A car is one of the larger purchases most people make. How can you make sure that purchase isn't a mistake? Don't "buy it today." Do your research. Don't panic. Easy, right?
Economists are working on ways to put a price on the environmental damage of growing food. Take sugar: Half of what we eat comes from beets, half from cane. Each has an impact, in very different ways.
Cities and states spend huge sums of money to entice businesses to come and "create jobs." But in today's economy, there's little guarantee businesses will stay. NPR meets some of the workers left behind when a business moves on.
We don't know what to think, but the company is insisting this is a thing. There are three flavors that could potentially go into mass production: original, spicy and hot. Ew?
The Consumer Financial Protection Bureau proposed banning financial firms from forcing arbitration to avoid lawsuits. But industry officials say the rule will lead to frivolous legal action.
Scientists are preparing for the day when powerful computing can no longer rely on chips getting smaller and faster. One of them offers a sneak peek at some of the new/old ideas that may save the day.
The Food and Drug Administration has issued sweeping new rules that tighten its control over e-cigarettes, banning their sale to minors. The agency is also expanding its regulation of tobacco.
The two edible nail polishes are based on the company's Original and Hot & Spicy recipes. The Hong Kong test group is being asked to choose a nail flavor that will be massed produced.
Bernie Sanders and Donald Trump will be in West Virginia on Thursday ahead of its primary on May 10. Appalachia is an important region for Sanders, who has done well among the white working class.
Kansas and Missouri offer incentives to locate within their borders. Politicians call this job creation. But is it really creating a job if it came from a few miles away across the state border?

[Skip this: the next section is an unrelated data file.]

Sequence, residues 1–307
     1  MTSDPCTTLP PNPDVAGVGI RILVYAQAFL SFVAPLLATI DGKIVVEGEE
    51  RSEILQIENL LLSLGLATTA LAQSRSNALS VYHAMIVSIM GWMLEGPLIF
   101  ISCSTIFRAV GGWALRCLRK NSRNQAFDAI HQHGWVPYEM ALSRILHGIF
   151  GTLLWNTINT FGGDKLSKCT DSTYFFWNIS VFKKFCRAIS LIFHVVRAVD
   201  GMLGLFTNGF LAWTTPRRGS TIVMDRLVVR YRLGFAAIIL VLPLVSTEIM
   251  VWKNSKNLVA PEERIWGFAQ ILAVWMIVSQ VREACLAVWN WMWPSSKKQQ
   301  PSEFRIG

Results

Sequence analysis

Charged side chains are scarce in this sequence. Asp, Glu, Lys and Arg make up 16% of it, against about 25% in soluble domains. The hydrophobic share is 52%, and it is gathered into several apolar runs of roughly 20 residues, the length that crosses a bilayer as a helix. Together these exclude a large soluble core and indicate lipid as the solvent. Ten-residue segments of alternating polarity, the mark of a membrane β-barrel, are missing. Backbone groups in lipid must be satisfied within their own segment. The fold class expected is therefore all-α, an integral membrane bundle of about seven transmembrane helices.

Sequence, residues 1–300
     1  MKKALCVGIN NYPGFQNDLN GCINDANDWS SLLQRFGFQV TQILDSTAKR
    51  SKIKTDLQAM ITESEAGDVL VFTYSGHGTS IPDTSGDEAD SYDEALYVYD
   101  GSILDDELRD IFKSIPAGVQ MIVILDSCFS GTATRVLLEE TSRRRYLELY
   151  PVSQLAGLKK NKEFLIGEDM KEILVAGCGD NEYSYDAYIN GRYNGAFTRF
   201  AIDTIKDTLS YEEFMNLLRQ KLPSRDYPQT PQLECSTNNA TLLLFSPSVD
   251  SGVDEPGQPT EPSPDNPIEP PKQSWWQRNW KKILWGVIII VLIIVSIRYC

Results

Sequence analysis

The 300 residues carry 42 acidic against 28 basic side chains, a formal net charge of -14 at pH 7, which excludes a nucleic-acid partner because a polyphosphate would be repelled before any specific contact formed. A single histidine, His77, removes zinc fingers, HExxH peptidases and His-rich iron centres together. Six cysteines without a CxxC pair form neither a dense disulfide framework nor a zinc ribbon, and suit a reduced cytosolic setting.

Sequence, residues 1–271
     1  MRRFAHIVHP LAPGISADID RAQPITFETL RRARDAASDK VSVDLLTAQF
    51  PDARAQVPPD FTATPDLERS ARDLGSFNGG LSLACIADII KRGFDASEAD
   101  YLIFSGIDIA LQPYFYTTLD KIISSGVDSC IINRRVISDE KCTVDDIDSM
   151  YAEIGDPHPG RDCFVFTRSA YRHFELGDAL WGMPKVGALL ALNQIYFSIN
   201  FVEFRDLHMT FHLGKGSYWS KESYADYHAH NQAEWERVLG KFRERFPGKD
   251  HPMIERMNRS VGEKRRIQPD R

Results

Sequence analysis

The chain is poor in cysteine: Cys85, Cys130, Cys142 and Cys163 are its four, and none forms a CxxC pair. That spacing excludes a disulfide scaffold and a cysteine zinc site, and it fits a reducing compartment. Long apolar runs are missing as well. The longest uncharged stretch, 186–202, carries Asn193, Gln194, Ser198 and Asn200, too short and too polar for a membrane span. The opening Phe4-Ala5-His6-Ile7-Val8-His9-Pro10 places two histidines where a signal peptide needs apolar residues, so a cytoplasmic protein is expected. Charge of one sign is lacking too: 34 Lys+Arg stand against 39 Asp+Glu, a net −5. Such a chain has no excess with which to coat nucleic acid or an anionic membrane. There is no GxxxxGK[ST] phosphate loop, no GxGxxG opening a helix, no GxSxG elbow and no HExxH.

Consumer groups say people should be able to join class actions if they fell they've been harmed. Industry groups say arbitration clauses are necessary to protect against frivolous lawsuits.
Figures show the U.S. economy is on an upswing but wages haven't gone up and many say their standard of living has flat lined or declined. It's a feeling the presidential candidates are tapping into.
Takata, the Japanese auto parts supplier, now must fix up to 40 million more faulty air bag inflators. The U.S. Department of Transportation says this is the biggest safety recall in history.
Federal regulators have dramatically increased the number of vehicles to be recalled because of defective airbags made by Takata Corporation. An additional 35 to 40 million airbag inflators will need to be replaced, according to regulators. The vehicles will be recalled in five stages between now and December 2019.
Two large sporting goods chains, Sports Authority and Sport Chalet, are in the process of closing hundreds of stores nationwide. NPR's Robert Siegel talks with Jim Peltz, who has been covering this story for the Los Angeles Times.
The FDA issued a massive recall of frozen fruits and vegetables this week. Here's what you need to know about the nasty bug that's causing all the problems.
Panama has improved transparency in its banking and legal sectors, and its economy is a bright spot in Latin America. But the Panama Papers have hurt the country's reputation.
Leprino's is the largest mozzarella manufacturer in the world. Now that the company is expanding, Colorado dairy farmers are beefing up their operations. The changes don't come without costs.
Homeland Security Secretary Jeh Johnson hopes that adding staff to security checkpoints will prevent longer wait times that had been projected for this summer.
Facebook, which owns Instagram, pays people who find bugs on its services. When a young hacker found a way to delete other people's comments, he emailed Facebook, and then received $10,000.